It should be recognized by those skilled in the art that interconnect substrates of the type disclosed herein may contain additional layers including embedded capacitor layers, conductive layers, dielectric layers, and the like. It is also possible to make interconnect substrates having fewer dielectric and conductive layers depending on the requirements of the final interconnect module.
Metal films coated with dielectric composite material are laminated to both sides of patterned capacitor structure 210, and subsequently, through vias 240, 242 are drilled and cleaned. Seed metal (not shown) is applied to the via(s) through electroless plating or sputtering or chemical vapor deposition, and then bulk metal is grown through electrolytic plating. Circuitry from the third and fourth conductive layers 232 and 234 is formed by standard techniques. Additional metal films coated with dielectric composite material are then laminated to both sides of the build-up structure. Blind vias 244, 246, 248 are drilled. Seed metal is again applied, followed by bulk metal buildup. Surface circuitries 236, 238 are then formed through standard techniques. Protective coating 262 and 264, are finally applied and patterned to expose top contact pads 252, 254 and bottom electrical contact pads 256.
The core layer 211 of the capacitor structure may be formed by coating a high dielectric material on one or both of first and second conductive layers 212, 214 and then applying heat and pressure to laminate capacitor structure 210 and to cure the dielectric layer. First and second conductive layers 212, 214 can be formed of copper foils, and serve as power and ground planes. Conductive layers 212, 214 may each have a thickness of up to about 40 μm, preferably up to about 18 μm. Core layer 211 may be in the form of an epoxy resin loaded with high dielectric constant particles. The dielectric particles may be selected, for example, from barium titanate (including non-fired barium titanate) barium strontium titanate, titanium oxide, and lead zirconium titanate.
Capacitor structure 210 is extremely thin and exhibits an extremely high dielectric constant. For example, if used in core layer 211, the dielectric composite material is typically formulated such that, upon curing, it has a total dry thickness of less than or equal to approximately 8 microns and, more preferably, from about 1 to about 4 microns. In addition, the dielectric composite material has a high dielectric constant of greater than or equal to approximately 12 and, more preferably, from about 12 to about 150.
In addition, interconnect substrate 200 includes second and third dielectric layers 222, 224 on opposite sides of central capacitor structure 210. Third conductive layer 232 is formed between second dielectric layer 222 and fourth dielectric layer 226. Fourth conductive layer 234 is formed between third dielectric layer 224 and fifth dielectric layer 228. While first and second conductive layers 212, 214 may form power and ground planes, third and fourth conductive layers 232, 234 may be patterned to form signal layers.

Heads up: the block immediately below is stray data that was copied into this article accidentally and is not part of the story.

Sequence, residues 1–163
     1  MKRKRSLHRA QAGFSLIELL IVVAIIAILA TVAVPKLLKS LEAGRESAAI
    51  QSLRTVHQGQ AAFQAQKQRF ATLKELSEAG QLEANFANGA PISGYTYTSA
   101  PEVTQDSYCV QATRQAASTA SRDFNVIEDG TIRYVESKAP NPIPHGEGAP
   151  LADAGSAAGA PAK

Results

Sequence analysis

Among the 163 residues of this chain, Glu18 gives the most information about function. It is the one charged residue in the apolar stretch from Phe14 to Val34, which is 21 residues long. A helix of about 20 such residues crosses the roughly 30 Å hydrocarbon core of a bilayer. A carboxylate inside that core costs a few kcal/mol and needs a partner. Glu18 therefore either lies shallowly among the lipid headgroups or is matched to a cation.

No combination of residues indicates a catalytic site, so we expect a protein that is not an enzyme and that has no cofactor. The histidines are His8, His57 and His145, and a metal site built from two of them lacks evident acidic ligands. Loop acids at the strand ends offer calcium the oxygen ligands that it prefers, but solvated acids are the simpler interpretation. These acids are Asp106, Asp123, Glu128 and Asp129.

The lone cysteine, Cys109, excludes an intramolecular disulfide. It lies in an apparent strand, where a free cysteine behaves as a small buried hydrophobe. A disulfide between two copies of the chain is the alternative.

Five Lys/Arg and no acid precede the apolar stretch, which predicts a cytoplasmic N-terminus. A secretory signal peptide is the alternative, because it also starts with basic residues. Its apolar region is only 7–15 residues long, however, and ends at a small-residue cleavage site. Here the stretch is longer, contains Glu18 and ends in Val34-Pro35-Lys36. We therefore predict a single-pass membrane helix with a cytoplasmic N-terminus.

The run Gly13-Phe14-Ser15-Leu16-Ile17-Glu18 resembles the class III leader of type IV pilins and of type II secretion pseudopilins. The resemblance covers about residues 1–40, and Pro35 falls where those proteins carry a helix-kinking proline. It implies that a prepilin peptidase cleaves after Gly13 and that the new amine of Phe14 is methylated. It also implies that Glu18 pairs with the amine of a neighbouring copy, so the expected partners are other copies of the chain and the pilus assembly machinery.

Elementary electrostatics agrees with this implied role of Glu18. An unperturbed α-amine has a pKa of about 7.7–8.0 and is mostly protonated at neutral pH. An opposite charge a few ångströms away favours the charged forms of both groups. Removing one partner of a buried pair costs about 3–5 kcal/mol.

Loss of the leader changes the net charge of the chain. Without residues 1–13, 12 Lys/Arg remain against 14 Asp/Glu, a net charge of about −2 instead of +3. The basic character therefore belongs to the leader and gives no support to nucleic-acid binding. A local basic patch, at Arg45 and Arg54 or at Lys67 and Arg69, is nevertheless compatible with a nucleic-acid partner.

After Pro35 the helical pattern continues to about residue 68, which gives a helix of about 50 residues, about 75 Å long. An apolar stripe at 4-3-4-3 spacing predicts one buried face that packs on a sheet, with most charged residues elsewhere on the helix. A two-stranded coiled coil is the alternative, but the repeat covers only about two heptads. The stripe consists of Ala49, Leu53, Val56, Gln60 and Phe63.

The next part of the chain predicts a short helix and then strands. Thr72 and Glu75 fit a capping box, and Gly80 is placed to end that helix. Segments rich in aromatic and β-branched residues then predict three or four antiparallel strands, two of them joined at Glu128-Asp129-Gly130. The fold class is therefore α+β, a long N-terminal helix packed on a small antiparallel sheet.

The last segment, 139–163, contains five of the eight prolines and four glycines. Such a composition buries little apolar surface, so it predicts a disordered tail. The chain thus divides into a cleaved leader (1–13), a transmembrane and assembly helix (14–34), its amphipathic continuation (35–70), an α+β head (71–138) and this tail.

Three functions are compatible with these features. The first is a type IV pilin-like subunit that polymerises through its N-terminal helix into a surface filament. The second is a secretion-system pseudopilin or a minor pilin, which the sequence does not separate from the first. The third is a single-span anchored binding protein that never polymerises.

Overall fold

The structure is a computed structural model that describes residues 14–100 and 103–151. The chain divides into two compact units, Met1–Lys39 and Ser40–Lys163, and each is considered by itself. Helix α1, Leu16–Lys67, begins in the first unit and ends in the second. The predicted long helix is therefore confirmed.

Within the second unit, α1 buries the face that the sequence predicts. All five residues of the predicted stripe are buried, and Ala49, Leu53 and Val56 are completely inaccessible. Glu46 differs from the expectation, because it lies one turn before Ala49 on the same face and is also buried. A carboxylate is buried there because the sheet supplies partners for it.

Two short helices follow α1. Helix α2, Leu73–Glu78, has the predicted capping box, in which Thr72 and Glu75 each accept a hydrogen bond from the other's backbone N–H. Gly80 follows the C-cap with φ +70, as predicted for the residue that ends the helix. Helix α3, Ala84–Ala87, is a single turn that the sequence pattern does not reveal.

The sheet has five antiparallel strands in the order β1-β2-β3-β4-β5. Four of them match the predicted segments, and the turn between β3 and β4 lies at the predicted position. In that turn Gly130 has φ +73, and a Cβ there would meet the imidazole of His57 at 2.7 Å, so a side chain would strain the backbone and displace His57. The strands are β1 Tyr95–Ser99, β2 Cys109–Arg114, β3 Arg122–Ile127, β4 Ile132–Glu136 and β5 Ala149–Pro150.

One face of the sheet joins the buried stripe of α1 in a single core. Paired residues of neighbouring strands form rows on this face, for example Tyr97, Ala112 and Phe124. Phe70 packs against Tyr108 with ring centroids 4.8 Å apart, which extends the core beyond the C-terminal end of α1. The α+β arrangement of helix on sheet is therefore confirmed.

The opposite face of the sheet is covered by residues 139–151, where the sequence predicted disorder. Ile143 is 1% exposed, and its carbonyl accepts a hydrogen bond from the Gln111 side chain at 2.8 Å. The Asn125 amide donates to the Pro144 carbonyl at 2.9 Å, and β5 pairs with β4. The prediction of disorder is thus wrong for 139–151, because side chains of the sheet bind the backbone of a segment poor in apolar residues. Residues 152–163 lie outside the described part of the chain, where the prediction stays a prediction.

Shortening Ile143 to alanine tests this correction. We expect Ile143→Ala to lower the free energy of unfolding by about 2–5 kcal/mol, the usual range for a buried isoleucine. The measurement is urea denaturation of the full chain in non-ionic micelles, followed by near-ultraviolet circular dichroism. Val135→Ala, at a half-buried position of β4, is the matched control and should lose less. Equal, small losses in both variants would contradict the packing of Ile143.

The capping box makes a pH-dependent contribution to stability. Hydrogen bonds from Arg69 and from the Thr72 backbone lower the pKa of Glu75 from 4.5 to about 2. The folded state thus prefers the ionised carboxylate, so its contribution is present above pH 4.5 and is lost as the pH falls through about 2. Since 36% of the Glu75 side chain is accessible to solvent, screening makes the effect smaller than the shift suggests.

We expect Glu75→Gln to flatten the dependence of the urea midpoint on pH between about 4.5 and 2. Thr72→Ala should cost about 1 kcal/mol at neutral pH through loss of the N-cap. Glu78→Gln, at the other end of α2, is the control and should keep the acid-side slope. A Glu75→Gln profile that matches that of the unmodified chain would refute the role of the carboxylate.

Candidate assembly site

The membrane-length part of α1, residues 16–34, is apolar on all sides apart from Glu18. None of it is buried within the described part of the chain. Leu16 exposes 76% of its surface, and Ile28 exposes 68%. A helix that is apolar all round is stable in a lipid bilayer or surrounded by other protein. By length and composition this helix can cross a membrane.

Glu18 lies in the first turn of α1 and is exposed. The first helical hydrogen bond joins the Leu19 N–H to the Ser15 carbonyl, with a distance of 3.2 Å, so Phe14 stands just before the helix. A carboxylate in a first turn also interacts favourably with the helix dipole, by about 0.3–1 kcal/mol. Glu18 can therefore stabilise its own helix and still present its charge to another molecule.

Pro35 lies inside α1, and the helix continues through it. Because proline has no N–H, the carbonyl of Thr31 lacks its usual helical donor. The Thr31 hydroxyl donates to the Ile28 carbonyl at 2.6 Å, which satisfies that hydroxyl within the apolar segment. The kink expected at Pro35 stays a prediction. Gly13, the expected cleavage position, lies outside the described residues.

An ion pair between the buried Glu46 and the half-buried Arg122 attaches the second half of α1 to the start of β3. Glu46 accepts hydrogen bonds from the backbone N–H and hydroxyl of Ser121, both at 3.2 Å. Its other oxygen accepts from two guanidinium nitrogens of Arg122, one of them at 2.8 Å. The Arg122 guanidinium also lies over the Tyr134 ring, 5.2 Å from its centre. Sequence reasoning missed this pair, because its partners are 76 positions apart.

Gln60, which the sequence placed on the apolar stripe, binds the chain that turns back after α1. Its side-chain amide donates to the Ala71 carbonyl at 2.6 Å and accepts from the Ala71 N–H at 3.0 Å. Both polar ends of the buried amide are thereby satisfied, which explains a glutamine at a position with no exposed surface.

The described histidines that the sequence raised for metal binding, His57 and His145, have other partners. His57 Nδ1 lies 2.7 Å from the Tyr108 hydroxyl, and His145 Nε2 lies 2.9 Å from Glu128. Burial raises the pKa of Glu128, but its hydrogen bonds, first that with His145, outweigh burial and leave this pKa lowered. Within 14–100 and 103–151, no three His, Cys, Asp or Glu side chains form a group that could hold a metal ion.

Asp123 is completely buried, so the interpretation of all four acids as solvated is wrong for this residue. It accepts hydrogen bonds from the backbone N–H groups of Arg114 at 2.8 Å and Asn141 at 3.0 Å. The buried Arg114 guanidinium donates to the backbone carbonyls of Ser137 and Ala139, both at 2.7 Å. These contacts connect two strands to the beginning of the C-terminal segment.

Fourth dielectric layer 226 is formed over third conductive layer 232, whereas fifth dielectric layer 228 is formed over fourth conductive layer 234. Conductive layers 236, 238 can be formed on dielectric layers 226 and 228, respectively, and patterned to define preformed apertures for the formation of vias. The preformed apertures are typically formed by laser ablation. Thus, the laser used to form the vias is applied to ablate only the dielectric material.
Conductive layers 232, 234, 236, 238 all may be formed from copper with a thickness in the range of from about 5 to about 14 microns and, more preferably about 12 microns. Each of dielectric layers 222, 224, 226, 228 may have a thickness in the range of from about 20 to about 70 microns and, more preferably about 36 microns. Thus, the distance between an outer surface of first conductive layer 212 and an inner surface of electrical contact 252 is less than about 100 microns and, more preferably, less than or equal to about 88 microns. The various layers can be laminated together in a single step or through a sequential build-up. For example, prior to lamination, dielectric layers 222, 224 can be coated onto conductive layers 232, 234, respectively. These dielectric/conductive layer pairs can be laminated on either side of the central capacitor structure 210. The conductive layers 232 and 234 can be patterned to define signal traces. Similarly, dielectric layers 226, 228 can be coated onto conductive layers 236, 238, respectively, prior to lamination. These dielectric/conductive layer pairs can be laminated on to the outer surface of conductive layers 232 and 234, respectively. The conductive layers 236, 238 may then be patterned.
In some embodiments, the conductive layers are “balanced”, i.e., symmetrically positioned on opposite sides of capacitor structure 210 to promote structural uniformity and resist deformation due to thermal stresses. In particular, conductive layers may be constructed so that each has the same type of metal foil laminated or plated thereon and etched into a pattern across it; the metal concentration in each layer being approximately equal. In this manner, the CTE of one layer and the CTE of the other layer are substantially equal, thereby balancing one another and minimizing warp of the interconnect module under thermal stress.